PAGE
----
To win effectively at the Domino game, players must determine whether or not the tile they have choosen will result in a scoring Board count once played. In most online rooms, the current Board count is often displayed as a helpful reminder to both of the players. In general, players usually select a tile in their thoughts and then add up all of the board ends, including the end they intend to leave open, concluding that once added up the resulting Board count will either score or be a miss.
To win effectively at the Domino game
Some players will even pick up the tile and hold it over the available hook end without actually dropping it into play, making the manual addition of all the open ends visually a bit easier to complete.
Here are a few ways to find out
This slow way of playing is both time-consuming and entirely unneccessary! It’s now time to learn a much more effective method of determining how each tile in your hand affects the current Board Count by using the Dominoes strategy chart.
1. Hooking Standard, Non-Double Tiles
Each non-double bandarqq has two unmatched ends, with one end always being bigger (having more Pips) than the other. For example, on the 3-6 tile the big end would be the Six and the smaller end the Three. All of these standard, non-double tiles therefore must have a difference in Pips. The Difference for any tile of this type is arrived at by subtracting the smaller end from the bigger end.
In our example, the difference for the 3-6 tile is three, since six minus three would equal 3. The 4-5 tile would have a difference of 1 (5 minus 4=1), the 2-4 tile has a difference of 2 (4 minus 2=2) and so on. This simple method of determining the difference for each non-double tile is the foundation for a greatly enhanced understanding of available scoring plays.
Whenever a non-double tile is connected to the Board, with only a few exceptions (explained below), it changes the Board Count in predictable ways. Hooking the small end of a tile Adds the difference to the current Board Count, and hooking the bigger end Subtracts it. Using the Dominoes scoring chart we’ve developed to the right as a referrence, we find the non-double tiles arranged so that tiles with identical differences are grouped together, along with the Double tiles off to the side (which we’ll examine later).
For example, there are six tiles that have differences of 1 (the 0-1, 1-2, 2-3, 3-4, 4-5 and 5-6 tiles) and they are highlighted in light blue on the chart under the heading +/- 1. This is because a player may hook the big or small end and change the current Board count by that difference, subtracting from or adding to it depending on which end they were able to hook into the board.
Consider the scenario where the available open scoring ends of the board result in a Board Count of 7. To score on this board total, we must either add +3 to the current Board Count, which would result in 10pts (7+3=10) or -2 for 5pts (subtracting 2 from 7). Using the chart, we see that hooking the small end of any tile grouped under the +/- 3 section, highlighted in purple, would add +3 and score 10pts. Additionally, by hooking the big end of any tile grouped under the +/- 2 section, highlighted in green, we would subtract -2 and also score by reducing the BC to 5pts.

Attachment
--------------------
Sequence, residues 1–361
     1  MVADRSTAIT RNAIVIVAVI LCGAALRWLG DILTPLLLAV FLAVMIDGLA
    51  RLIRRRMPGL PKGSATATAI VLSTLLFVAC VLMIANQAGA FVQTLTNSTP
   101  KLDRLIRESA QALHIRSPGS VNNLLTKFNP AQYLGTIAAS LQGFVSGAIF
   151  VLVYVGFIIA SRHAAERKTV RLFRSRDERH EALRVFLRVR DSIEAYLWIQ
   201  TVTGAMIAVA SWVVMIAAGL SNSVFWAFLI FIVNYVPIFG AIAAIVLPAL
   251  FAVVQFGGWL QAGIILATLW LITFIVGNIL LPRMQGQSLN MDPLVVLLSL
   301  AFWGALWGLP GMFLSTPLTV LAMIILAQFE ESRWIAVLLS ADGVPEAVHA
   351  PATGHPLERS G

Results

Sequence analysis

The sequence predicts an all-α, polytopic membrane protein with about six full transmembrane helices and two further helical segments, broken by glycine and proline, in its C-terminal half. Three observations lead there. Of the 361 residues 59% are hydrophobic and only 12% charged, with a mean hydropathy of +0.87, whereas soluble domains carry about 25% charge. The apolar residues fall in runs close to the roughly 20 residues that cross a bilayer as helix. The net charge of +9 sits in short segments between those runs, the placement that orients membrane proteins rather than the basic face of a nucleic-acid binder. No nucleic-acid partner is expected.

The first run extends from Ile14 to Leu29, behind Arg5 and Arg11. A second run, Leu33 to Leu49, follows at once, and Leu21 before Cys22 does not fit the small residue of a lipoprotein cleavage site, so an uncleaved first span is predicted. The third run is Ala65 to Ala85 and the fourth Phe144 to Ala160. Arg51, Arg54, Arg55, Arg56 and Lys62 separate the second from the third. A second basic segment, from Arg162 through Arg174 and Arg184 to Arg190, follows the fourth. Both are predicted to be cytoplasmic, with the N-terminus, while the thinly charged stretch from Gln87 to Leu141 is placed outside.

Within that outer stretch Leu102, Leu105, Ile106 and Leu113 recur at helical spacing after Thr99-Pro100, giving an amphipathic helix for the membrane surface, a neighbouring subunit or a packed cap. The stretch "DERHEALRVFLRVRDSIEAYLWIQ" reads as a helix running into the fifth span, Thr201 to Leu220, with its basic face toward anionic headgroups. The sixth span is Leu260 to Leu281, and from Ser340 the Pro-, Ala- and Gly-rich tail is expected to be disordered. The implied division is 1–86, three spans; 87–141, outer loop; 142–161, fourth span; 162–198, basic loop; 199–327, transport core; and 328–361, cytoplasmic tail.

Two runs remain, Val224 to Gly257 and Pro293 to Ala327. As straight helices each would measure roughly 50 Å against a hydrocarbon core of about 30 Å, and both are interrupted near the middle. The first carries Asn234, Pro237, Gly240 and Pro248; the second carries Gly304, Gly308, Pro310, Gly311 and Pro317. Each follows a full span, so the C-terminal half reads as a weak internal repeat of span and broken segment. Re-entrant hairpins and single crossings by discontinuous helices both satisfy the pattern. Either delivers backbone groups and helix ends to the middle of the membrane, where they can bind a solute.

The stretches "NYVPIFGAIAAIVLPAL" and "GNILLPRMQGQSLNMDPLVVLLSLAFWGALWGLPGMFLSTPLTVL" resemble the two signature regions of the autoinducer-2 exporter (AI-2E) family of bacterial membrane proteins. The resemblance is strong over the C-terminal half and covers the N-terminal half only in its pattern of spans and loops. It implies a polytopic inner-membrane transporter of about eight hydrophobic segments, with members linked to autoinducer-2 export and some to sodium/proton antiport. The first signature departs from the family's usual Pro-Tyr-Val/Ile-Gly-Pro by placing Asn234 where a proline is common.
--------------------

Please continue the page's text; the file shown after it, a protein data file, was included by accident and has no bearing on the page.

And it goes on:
2 Hooking Double Tiles to the Board
The Doubles are also listed on the chart, catagorized together on the far right. Like the groupings of non-double tiles, they are also colored to help further classify their adjusting properties. The rules for hooking a Double onto the board are similiar to, but slightly different from, the methods for non-doubles. Since Doubles do not have an end that is larger than the other, there is no difference for Double tiles. Instead, when we hook a Double onto the board you simply Add the denomination of the Double.
In fact, Doubles always Add to the Board count and never subtract from it. So if you were to hook the Double-Three to the Board, you’d add +3 to the Board Count. For the Double-Five +5 is added, and so on. We’ve colored the Doubles similiar to their non-double partners, such as making the Double-One blue since it will be adding +1 when it’s connected, to make it easier to understand. However, remember that Doubles can only add to the BC and cannot reduce it, unlike the more flexible non-doubles.
3. Hooking Standard Tiles Onto Board Doubles
So far we’ve covered how to connect the tiles in your hand, both standard and Doubles, onto regular (non-double) ends. But what about when there’s a Double on the board to hook into? In these situations, slightly different rules are required. To calculate the effect of the tile you hook into, you must take the sum of the Double (the total number of Pips found on it) and subtract it from the end you’re going to leave. For example, say you are going to hook the 4-6 onto the Double-Four.
You’d take the sum of the Double-Four’s Pips (8) and subtract it from the Leave (6) to arrive at the Board changing total of -2 (6-8= -2). Considering a current Board Count of 14, adding the 4-6 onto the Double-Four results in a new Board Count of 12 (6-8= -2 then -2+14=12). Adding standard tiles to Doubles often results in board reductions, due to the fact that you’re covering a large tile and leaving a smaller end, and can even achieve larger than usual negative reductions to the board such as -7 and lower.